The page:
Jonathan Adler NYC
These days, digital elements and social media touch points in brick & mortar retail environments are as essential as the interior finishes, and should be just as fully integrated. There’s no such thing as offline anymore, and shopping has become a bit of information overload, but it raises another issue for retailers—many seem to be a step behind on the actual digital content and messages they deliver. With digital’s constantly moving imagery providing a platform for multiple messages to be broadcast over a single spot, it becomes a rather tall order to maintain the content and keep it fresh. This is often more than some brands can afford in their operations budgets, especially after they’ve just spent large sums for the hardware and software in the first place.
This dilemma has created a new trend (or perhaps it’s a harkening back to the basics) of using static graphics in lieu of, or to supplement, the digital. Static messaging, while less flexible and much more long-term, can often make as impactful a statement, with the added bonus of being a fraction of the cost. I’ve been seeing more retailers use this kind of strategic messaging in their stores lately, and frankly, I think it’s a smart move. I mean, there’s tons of cool digital and interactive stuff going on, and that’s all great to have as part of the customer experience, but static messages can be both smart and memorable, often with a touch of sarcasm and a pinch of whimsy. Moreover, it’s an authentic opportunity for a retailer to display its tone of voice.
But, what do these messages really “say” to customers? They can say a brand is hip and cool, or that it’s a bit old-school. They can be about setting the tone for the customer journey or just about making the customer feel good.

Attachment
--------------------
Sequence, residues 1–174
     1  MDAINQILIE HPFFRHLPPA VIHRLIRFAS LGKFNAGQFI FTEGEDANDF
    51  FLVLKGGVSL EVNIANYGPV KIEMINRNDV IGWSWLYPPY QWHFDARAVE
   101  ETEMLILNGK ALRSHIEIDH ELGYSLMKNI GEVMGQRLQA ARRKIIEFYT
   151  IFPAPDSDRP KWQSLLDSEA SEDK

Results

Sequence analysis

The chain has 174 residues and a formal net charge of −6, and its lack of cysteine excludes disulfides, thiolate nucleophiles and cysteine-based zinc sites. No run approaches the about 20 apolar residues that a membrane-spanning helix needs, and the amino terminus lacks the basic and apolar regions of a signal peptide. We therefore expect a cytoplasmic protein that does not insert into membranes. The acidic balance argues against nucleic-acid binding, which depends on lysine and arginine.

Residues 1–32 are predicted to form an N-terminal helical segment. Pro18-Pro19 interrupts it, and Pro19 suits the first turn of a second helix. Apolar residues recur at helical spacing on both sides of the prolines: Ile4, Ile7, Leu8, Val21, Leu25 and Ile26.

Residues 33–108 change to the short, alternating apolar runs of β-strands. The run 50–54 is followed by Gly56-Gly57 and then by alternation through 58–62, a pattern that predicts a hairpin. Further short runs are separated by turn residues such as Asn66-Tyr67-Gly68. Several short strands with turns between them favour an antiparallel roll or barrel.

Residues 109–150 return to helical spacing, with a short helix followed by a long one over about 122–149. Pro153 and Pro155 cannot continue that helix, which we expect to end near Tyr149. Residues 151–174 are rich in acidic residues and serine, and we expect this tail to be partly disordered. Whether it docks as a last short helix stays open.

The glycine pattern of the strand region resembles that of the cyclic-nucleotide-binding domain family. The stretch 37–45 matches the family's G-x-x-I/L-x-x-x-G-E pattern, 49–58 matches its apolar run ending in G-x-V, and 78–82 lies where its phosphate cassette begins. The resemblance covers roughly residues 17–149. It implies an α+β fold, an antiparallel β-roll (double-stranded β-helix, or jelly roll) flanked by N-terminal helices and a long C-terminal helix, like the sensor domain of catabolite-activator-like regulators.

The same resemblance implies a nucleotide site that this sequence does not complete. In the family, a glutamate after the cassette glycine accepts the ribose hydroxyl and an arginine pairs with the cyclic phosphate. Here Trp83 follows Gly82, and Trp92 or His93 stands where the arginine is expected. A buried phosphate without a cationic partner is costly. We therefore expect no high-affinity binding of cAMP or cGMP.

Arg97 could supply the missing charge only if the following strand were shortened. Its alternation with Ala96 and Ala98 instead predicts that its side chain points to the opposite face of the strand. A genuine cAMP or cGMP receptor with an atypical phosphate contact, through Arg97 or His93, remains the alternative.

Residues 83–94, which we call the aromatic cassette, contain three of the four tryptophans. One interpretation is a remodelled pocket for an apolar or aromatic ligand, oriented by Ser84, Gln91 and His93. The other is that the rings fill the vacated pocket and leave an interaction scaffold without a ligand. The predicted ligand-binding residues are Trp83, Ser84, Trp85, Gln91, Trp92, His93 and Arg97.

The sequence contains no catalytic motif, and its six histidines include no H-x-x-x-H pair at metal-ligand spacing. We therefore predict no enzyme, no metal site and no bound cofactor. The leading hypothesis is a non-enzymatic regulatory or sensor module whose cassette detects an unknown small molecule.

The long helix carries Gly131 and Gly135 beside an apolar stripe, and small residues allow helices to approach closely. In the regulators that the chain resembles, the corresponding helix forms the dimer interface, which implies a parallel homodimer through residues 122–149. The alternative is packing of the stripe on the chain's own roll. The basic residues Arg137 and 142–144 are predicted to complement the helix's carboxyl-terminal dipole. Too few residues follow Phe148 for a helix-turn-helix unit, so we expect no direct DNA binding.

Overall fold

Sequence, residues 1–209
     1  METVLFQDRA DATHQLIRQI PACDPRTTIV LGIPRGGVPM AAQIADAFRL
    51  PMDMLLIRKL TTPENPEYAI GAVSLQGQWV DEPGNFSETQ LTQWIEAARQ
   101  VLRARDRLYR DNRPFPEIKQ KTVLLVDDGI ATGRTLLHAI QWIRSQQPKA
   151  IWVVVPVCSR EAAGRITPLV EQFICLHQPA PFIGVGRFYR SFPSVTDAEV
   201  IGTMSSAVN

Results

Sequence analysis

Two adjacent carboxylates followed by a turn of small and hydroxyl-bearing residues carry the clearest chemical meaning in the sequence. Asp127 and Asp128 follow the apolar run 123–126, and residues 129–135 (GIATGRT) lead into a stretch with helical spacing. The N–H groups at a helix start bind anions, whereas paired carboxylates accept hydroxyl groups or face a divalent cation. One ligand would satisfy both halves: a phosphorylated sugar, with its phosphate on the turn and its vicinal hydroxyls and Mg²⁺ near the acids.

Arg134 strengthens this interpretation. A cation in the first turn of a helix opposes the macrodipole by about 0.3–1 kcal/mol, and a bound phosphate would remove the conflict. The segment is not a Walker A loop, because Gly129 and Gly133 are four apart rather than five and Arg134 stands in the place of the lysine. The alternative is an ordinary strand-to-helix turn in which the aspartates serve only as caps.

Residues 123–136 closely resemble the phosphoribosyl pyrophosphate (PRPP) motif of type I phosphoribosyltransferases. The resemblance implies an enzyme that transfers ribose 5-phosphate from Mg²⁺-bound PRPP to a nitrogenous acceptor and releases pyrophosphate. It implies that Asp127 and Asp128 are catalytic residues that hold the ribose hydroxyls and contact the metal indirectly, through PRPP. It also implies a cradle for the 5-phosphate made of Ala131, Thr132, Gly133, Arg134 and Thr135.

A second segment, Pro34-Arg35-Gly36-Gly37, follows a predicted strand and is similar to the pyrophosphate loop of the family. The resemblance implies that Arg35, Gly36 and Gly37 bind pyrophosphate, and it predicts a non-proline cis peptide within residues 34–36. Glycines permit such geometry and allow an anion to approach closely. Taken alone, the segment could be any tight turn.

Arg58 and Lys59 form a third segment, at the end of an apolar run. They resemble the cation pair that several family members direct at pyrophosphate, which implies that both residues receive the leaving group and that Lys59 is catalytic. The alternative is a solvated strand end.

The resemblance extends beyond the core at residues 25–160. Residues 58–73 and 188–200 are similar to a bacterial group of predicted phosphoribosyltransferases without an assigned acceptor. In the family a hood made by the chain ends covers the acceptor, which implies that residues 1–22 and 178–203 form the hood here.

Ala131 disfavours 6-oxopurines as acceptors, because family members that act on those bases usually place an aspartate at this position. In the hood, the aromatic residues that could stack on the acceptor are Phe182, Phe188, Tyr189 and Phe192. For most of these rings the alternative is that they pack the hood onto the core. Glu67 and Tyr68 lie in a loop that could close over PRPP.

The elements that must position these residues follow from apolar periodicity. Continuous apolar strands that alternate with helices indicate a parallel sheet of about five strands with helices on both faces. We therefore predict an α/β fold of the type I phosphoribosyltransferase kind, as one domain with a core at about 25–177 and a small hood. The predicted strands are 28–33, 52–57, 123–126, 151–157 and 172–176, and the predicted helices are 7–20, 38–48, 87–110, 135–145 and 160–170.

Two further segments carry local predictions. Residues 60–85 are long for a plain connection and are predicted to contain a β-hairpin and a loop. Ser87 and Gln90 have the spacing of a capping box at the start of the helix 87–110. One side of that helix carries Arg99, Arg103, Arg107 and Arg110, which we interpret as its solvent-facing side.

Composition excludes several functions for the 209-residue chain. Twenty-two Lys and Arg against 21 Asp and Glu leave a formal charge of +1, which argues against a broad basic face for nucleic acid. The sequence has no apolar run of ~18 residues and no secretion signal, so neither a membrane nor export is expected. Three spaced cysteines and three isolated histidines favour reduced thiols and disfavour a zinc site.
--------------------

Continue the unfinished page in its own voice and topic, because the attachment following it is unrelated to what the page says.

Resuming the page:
Olive & Bettes NYC
Some might have an inspirational message, albeit in an odd setting, like this sign in a NYC restaurant’s men’s room (that will remain nameless).
NYC restaurant men’s room
Either way, these messages can really heighten the customer experience with some memorable tidbits. Sometimes less really is more when it comes to in-store communications. And sometimes a poignant message can leave a lasting impression, regardless of how it manifests itself in the space. So keep your eyes peeled for these gems when you're out in your favorite stores. You may just love the message they give.
Mark Brungo is a senior associate in Gensler’s New York office and a regional retail practice area leader. A registered architect in New York and Pennsylvania, Mark brings his 25 years of experience to every project, many of which have earned design awards and national recognition. His versatility as a design manager and his excellence in client relationships allows for a smooth project design and delivery process that aligns Gensler’s service goals with the client’s objectives. Contact him at firstname.lastname@example.org.